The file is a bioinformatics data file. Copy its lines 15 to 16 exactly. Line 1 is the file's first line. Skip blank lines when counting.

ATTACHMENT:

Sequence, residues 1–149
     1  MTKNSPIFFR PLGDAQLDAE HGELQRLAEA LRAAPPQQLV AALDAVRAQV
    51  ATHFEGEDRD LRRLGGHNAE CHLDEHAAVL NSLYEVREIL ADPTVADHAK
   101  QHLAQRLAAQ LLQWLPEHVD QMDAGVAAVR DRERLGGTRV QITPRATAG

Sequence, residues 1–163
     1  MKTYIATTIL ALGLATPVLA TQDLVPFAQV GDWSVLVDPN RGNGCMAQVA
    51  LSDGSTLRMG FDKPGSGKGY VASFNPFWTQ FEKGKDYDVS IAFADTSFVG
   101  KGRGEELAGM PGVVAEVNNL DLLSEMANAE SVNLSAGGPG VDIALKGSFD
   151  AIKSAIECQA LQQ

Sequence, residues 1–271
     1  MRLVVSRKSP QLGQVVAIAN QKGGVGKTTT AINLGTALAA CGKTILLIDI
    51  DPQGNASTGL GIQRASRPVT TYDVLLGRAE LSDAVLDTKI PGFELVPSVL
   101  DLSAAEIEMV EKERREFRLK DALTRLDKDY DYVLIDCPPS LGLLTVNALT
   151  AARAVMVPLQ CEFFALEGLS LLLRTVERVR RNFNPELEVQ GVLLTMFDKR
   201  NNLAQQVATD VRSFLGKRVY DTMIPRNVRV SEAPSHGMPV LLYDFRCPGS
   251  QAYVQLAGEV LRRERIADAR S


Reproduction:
   201  NNLAQQVATD VRSFLGKRVY DTMIPRNVRV SEAPSHGMPV LLYDFRCPGS
   251  QAYVQLAGEV LRRERIADAR S